A research team, lead by chemistry professor Colin Raston, from Flinders University in Adelaide have built a machine which can unravel proteins. In short, he fed a boiled hen egg into the vortex fluidic device, and it came back uncooked. “It’s not what we set out to do, to unboil an egg, but it’s the way of explaining the science involved and helping the wider world realize the momentousness of it. The sheer scale of this is mind boggling. The global pharmaceutical industry alone is worth $160 billion annually and the processing of proteins is central to it. The VFD is completely changing it – and is set to do the same for the fuel and food industries. It’s impossible to place a price on the value of this device,” said Raston. Continue reading for another video and more information.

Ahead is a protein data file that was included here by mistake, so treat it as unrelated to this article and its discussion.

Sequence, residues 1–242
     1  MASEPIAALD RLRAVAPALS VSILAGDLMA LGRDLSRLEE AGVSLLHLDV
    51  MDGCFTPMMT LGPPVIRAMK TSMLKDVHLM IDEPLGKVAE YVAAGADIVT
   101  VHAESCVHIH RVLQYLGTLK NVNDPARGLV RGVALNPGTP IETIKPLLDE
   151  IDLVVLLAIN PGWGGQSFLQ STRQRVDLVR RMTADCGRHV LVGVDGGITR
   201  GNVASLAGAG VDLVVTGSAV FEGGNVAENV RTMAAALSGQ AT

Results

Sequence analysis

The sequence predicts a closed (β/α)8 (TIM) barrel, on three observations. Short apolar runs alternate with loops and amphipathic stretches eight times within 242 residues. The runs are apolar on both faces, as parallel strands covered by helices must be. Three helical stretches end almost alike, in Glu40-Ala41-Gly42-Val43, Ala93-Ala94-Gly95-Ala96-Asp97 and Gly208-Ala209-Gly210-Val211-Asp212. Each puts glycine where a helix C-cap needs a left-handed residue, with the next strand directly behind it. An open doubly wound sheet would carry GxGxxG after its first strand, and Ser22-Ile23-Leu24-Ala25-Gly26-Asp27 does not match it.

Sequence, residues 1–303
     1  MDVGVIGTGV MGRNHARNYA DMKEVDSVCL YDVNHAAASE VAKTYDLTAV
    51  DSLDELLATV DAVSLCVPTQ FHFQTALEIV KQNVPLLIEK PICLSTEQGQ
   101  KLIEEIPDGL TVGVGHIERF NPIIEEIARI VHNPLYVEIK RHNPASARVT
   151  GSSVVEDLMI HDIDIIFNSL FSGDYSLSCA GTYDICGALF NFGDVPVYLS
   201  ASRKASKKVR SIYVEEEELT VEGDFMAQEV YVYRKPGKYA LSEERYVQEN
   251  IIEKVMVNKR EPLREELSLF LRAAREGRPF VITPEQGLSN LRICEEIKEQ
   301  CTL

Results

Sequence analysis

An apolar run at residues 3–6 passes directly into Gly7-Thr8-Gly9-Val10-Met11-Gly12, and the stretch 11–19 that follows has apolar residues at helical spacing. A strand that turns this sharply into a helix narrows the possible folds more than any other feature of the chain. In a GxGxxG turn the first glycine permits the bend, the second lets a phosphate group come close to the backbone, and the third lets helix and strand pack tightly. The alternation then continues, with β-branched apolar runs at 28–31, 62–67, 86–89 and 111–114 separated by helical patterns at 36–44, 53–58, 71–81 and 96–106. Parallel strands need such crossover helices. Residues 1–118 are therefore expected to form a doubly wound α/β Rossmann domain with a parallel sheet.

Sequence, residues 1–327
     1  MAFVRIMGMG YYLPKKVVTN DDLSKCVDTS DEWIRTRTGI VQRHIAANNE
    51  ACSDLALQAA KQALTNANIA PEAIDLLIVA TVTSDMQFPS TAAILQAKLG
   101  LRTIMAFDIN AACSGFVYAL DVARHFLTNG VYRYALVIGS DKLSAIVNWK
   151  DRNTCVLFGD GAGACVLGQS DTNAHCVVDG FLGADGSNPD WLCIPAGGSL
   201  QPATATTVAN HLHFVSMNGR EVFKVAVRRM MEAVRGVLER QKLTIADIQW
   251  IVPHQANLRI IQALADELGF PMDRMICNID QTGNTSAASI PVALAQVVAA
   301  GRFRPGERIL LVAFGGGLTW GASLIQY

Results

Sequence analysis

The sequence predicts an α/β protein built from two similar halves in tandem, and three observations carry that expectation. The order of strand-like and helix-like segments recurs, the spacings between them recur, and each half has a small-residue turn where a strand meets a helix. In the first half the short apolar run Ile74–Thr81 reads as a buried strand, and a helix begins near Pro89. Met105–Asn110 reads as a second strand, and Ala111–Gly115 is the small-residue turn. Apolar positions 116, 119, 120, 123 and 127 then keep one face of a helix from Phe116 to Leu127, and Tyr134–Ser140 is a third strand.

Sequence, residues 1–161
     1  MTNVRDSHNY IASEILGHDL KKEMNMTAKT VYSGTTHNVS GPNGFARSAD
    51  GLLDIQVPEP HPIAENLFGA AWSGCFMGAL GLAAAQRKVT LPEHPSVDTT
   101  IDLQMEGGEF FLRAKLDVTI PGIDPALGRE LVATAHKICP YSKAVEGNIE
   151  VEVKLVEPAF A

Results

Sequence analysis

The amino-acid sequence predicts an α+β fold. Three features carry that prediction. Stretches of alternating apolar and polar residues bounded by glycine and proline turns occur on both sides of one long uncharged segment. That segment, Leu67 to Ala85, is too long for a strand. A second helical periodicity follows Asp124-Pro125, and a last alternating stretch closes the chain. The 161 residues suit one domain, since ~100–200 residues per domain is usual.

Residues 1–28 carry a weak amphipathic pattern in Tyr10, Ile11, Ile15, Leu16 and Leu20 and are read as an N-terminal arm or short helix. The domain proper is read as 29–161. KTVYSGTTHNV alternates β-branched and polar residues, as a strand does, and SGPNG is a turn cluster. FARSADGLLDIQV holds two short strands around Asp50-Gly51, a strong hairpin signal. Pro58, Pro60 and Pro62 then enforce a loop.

“Professor Raston sported a tie emblazoned with fried eggs for the occasion. Scientists from Flinders University and the University of California-Irvine worked together on the machine which could drastically cut costs for the pharmaceutical industry.Researchers discovered the ability to untangle the proteins in the white of a hard-boiled egg to make them active again in a clear solution. Proteins are used in a variety of industries including in the development of cancer medications,” according to Mail Online.